• I’m sitting in Barnes and Noble here in Charleston, SC because it’s cheaper to buy coffee and sit in AC than it would be have mine running full blast today (we’re expecting heat indices of 115+), and as I contemplate how to respond, I’ve glanced down at my Iced Coffee. 6 boxes run vertically down the cup. 3 boxes contain scribbles, indicating the formula for my drink. Following the directions from the cashier, the barista made my simple drink to perfection. Consistency. That’s what an exact formula provides. This Iced Coffee tastes just like the Iced Coffee that I purchased in 2007 in Athens, GA or the one I got in the spring of 2008 in Phoenix, AZ. It’s good, but it certainly isn’t memorable. 
    The same is true for blogs, or on a broader sense, writing in general. Follow a prescribed formula, and you’ll find yourself writing, with consistency (or perhaps congruency) what everyone else is writing who also subscribes to that same formula. Your writing may be respectable, but it certainly won’t be remembered as great or powerful. 

  • This is freaking brilliant Jamey. What a cool analogy.  I mean there is some business case for consistency too, but I think it is originality which will make or break a blog in the long run. Thanks!

  • Absolutely, for business, consistency is vitally important, but I think, on a personal level, getting caught up with analyzing key words, plotting SEO strategies, and writing based upon a ‘supposed’ audience eliminates all the fun of writing which brought most bloggers into existence in the first place. I, for one, struggled around the 6 month mark in my blogging career because I was too concentrated on the x’s and o’s rather than having fun playing the game. 

    Keeping with the Food/Beverage analogy, are the greatest chefs the ones that can follow a recipe long since eternalized in a Southern Living Cookbook? Or are they the ones that have fun combining ingredients in ways that no one else before them has done? Sometimes their dishes will flop (probably more times than not) but every once in awhile, they’ll stumble on greatness because they allowed passion to guide then, not black and white instructions.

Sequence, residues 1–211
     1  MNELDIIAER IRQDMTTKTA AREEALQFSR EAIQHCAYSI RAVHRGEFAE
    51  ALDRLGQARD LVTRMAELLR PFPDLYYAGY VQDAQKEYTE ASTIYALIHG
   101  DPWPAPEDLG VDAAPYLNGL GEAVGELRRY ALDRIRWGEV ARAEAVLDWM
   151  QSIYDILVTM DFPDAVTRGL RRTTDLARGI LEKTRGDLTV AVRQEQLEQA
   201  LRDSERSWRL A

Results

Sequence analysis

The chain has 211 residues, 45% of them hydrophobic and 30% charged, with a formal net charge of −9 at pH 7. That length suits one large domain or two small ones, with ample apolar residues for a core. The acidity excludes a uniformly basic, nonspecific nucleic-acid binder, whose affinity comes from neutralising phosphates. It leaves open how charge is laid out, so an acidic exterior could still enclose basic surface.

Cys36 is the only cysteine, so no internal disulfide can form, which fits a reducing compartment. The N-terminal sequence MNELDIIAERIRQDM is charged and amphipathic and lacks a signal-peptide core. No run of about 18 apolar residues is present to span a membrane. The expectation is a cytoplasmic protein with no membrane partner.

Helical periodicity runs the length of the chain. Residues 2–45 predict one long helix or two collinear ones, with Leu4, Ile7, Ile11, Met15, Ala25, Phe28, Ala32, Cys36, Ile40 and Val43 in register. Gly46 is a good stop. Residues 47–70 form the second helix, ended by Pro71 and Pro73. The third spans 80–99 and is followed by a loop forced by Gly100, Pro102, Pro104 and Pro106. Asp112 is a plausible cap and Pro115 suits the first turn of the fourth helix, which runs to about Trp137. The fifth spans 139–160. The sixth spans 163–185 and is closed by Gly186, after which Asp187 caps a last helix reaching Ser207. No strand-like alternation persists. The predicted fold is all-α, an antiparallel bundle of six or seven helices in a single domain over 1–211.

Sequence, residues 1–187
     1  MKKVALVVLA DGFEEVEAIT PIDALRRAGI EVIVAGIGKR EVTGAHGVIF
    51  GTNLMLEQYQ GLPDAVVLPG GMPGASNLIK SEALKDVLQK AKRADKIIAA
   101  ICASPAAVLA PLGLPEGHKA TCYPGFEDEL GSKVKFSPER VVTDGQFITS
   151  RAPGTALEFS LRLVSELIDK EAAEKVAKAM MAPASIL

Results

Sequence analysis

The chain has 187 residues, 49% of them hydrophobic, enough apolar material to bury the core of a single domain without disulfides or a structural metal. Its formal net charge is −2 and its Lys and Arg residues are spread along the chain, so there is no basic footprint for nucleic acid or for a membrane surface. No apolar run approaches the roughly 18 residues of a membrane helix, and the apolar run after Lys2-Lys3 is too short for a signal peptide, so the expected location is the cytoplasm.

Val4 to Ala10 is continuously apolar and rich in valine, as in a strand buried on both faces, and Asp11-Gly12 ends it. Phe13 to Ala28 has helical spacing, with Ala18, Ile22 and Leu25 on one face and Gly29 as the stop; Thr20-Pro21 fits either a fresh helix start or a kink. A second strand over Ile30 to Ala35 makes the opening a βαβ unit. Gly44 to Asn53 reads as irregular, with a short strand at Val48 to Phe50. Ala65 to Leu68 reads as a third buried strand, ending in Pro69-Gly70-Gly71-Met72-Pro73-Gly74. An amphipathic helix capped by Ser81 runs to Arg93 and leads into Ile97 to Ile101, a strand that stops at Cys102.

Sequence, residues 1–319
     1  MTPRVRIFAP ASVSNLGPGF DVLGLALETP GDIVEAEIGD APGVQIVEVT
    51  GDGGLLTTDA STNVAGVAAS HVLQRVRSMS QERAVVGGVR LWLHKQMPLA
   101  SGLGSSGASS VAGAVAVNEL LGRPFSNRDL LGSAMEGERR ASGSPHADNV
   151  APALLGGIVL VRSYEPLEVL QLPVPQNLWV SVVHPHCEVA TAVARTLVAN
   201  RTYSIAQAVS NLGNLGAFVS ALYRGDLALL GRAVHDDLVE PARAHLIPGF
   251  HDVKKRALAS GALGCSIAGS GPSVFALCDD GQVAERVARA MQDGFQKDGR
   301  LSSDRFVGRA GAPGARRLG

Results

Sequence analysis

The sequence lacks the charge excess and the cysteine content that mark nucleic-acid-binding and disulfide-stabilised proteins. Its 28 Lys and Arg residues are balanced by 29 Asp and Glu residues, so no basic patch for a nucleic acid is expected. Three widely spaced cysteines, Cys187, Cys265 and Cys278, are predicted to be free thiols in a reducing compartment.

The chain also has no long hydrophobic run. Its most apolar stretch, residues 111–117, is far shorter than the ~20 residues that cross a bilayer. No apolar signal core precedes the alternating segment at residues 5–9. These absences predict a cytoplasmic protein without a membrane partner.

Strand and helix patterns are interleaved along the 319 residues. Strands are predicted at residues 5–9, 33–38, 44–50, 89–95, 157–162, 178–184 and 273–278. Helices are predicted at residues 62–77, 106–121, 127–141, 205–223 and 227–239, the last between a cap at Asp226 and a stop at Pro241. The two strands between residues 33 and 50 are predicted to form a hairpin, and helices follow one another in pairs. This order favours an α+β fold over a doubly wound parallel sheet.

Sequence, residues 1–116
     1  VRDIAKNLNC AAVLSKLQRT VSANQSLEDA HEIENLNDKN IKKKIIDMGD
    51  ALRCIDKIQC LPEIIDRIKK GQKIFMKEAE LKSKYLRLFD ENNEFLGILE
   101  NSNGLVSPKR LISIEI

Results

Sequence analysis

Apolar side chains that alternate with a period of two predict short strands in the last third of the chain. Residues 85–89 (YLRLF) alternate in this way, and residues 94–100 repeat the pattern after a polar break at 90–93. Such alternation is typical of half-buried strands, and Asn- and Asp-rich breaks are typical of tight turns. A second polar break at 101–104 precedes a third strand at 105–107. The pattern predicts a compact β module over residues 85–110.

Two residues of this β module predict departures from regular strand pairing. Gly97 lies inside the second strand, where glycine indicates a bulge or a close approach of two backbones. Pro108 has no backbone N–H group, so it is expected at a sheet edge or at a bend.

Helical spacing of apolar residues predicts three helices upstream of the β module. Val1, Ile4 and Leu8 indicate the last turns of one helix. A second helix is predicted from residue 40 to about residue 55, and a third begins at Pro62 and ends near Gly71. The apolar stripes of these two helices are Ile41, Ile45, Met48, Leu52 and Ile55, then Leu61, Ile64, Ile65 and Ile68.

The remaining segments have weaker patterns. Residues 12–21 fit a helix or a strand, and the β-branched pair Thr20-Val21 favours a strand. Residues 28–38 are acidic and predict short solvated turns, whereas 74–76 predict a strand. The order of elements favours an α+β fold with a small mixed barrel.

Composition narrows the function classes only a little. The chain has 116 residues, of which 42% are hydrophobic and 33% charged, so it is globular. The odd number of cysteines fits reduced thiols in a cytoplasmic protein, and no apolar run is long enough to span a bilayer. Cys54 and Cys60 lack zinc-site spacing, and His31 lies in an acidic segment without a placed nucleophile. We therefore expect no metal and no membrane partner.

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  • Right!  Improvisation!  I think if you are having fun on your blog it’s going to show.

  • Yikes. We need to catch up on that!  Thought he was over that.

  • Mark, I don’t know how I missed this post, but I’m glad I arrived here.  So good!

    I knew nothing about blogging when I started 4 months ago.  I jumped into that cold water with the intention of being a full-time student of “social media” for 3 months.  It’s now month 4, and I can say:

    I write when my writing muse hits, and when I feel that what I have to say will resonate with readers, add some type of value, and leave them better off for having read my little tidbit than before.
    I don’t automate anything at the moment.  I’m literally here when I’m here, and there when I’m there.
    I don’t write for SEO, keywords, prizes or shiny objects.  I just write.

    I was over at Erica Mallison’s just a few moments ago, commenting on her fabulous vlog “The culture of accessibility”, where I said that I think that we can get caught up in the tools, the metrics, and the “stuff” and forget…we started writing because we felt we had something to say of merit.

    I know mine won’t be the popular view, but I’ve never been afraid to take the path less trodden.  For now, it’s working for me.  When it no longer works, I’ll adjust.  But for now, I guess I’m in and all-for the child-like approach.  My most recent blog post was through the eyes of a ten-year old. 

    And I’ll end with my favourite Yoda’ism in response to your question “How are you trying to be original in your writing, in your business and on the social web?”

    Yoda:  “Do or do not: there is no try.”  Cheers!  Kaarina

  • It is true.. It works more than well planned tasks. However it is not good to rely much on it.

  • Hi Mark,

    This is GREAT content!  This is fresh thinking out of the box.  You’ve pointed out one of the big problems with blogging.  There are so much sameness because people are not confident enough to take action without SEO, keyword research…  I’m thrilled to read this post and find that it doesn’t have to be that way.

    Thanks for the post!

  • Awesome. Thanks for the comment!

  • I agree,blogging is just like a big baby. Manage it, love it, and watch them grow, so the benefit will come